Washington Attorney General Bob Ferguson is joining a multi-state lawsuit against the Trump administration over a citizenship question on the 2020 US Census.

Ferguson released the following statement:

"The Census Bureau's own research reveals asking people about their citizenship status could significantly undermine its Constitutional mandate: an accurate count of everyone in the United States, regardless of immigration status," Ferguson said. "If Washington state's large immigrant population isn't accurately counted, the impact on our Congressional representation and billions of dollars in federal funds our state receives could be jeopardized. I won't allow the Trump Administration to play politics with the Census at the expense of all Washingtonians."

The multi-state lawsuit was announced Tuesday morning.

According to the Attorney General's office: "Ferguson has not lost a case brought against the Trump Administration. The Attorney General's Office prevailed in all five cases against the Trump Administration that are completed and there are no more appeals. That does not include four additional successful outcomes that have been or could be appealed, including blocking President Trump's ban on transgender individuals serving in the military and his attempt to end the Deferred Action for Childhood Arrivals (DACA) program."

Seattle and King County officials gathered on Tuesday voicing their opposition to the question and supporting Ferguson’s decision to bring a lawsuit forward.

Speaking at El Centro De La Raza, in Seattle's Beacon Hill neighborhood, several King County leaders denounced the decision to include a citizenship question.

"First and foremost, we need a full census count and the citizenship question will not help us reach that goal," said Estela Ortega, Executive Director and Co-founder of El Centro De La Raza. "We are already concerned because a census count is critical to ensuring that communities have an equitable share of federal funding and representative government."

"Late yesterday, the administration once again put politics over sound policy and over decades of sound practice. By adding a question about citizenship status to the 2020 census the president once again seeks to use immigrants and refugees for political theater," said King County Executive Dow Constantine.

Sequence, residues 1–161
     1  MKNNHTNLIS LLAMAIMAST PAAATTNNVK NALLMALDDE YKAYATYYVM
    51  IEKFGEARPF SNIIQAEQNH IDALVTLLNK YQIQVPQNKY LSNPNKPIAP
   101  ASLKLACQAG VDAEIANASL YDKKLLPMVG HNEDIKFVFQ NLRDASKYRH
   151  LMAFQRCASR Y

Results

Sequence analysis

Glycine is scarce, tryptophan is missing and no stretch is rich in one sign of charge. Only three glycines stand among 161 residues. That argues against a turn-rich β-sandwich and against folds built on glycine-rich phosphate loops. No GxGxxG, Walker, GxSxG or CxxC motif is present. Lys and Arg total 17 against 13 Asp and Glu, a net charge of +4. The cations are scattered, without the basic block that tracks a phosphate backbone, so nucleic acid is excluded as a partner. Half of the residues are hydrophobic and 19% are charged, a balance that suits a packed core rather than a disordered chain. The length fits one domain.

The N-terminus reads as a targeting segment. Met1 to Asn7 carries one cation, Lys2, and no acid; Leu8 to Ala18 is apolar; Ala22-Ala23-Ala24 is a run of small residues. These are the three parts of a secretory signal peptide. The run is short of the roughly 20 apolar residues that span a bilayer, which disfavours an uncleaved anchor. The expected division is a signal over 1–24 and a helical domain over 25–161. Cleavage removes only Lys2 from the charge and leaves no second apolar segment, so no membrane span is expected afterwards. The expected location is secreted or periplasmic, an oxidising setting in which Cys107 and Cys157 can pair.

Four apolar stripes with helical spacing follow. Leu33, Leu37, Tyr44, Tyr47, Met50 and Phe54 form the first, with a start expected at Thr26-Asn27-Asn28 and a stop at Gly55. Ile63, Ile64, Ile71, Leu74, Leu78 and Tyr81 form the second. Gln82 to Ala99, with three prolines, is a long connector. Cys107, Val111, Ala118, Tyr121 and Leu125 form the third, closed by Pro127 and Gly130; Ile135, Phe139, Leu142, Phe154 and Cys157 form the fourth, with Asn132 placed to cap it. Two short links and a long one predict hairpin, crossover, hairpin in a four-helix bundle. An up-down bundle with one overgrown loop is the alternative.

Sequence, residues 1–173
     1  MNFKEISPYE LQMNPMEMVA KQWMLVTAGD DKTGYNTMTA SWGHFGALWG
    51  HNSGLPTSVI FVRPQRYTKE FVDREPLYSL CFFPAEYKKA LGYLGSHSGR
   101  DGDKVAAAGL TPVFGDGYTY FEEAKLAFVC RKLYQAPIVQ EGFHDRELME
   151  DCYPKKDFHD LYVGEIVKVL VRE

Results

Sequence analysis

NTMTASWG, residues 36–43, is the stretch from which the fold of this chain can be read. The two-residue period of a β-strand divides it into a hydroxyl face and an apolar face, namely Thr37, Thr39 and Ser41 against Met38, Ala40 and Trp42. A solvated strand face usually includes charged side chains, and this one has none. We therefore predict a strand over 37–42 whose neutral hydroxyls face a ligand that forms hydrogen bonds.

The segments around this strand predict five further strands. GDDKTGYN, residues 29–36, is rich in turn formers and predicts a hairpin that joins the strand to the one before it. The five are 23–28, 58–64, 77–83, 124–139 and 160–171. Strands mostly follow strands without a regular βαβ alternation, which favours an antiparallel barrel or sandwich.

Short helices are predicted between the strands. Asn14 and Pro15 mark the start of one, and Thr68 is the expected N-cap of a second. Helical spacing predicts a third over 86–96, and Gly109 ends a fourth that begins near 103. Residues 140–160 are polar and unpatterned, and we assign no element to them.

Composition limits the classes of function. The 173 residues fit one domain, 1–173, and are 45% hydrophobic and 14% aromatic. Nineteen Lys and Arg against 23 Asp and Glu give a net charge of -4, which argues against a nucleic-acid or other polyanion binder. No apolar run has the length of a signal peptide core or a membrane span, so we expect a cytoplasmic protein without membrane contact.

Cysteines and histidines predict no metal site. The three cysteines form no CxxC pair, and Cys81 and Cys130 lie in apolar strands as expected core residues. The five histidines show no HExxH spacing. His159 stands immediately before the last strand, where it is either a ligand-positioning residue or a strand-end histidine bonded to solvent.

Seattle’s City Council published a letter, signed by every council member, opposing the change to the 2020 Census. Intended for Secretary Wilbur Ross, the letter cautions the Commerce Department of the ramifications to the city.

“Census data impacts almost every area of City policy-making, and impacts our workforce, businesses, non-profits and citizens even further,” the letter reads in part.

Seattle City Council Census Letter

Statement by Diane Narasaki, Executive Director, Asian Counseling and Referral Service (ACRS)

We at Asian Counseling and Referral Service, or ACRS, are deeply concerned about the Commerce Department’s decision to include a question about citizenship on the decennial census form and question the motives behind it.

The U.S. Constitution required a count of everyone in our country, and does not distinguish between citizens, immigrants and refugees. Decisions on allocating Congressional seats and critically needed federal funds for services and our state’s infrastructure are based on the Census. The Asian and Pacific Islander community is the fastest growing racial group in our state and nation, and 90% of our community members are either immigrants, refugees, or children of immigrants and refugees. Another rapidly growing community with a high proportion of immigrants, the Latino community, is the largest racial minority group in our state. 1 in 5 Washingtonians is either Asian American, Pacific Islander, or Latino. This does not even take into account the many African immigrants and refugees living in our state. Immigrant communities like ours include both documented and undocumented immigrants. With the President’s strident anti-immigrant statements and policies, these immigrants, whether legal or undocumented, are less likely to participate in the census if they are asked about their immigrant status. Our state and our communities will lose critically needed funds, and potentially, political representation, if the opportunity for a new Congressional seat is lost, due to the undercounting of our communities. We strenuously object to the Commerce Departments inclusion of the citizenship question for all these reasons and call on the Commerce Department and Census Bureau to drop this question.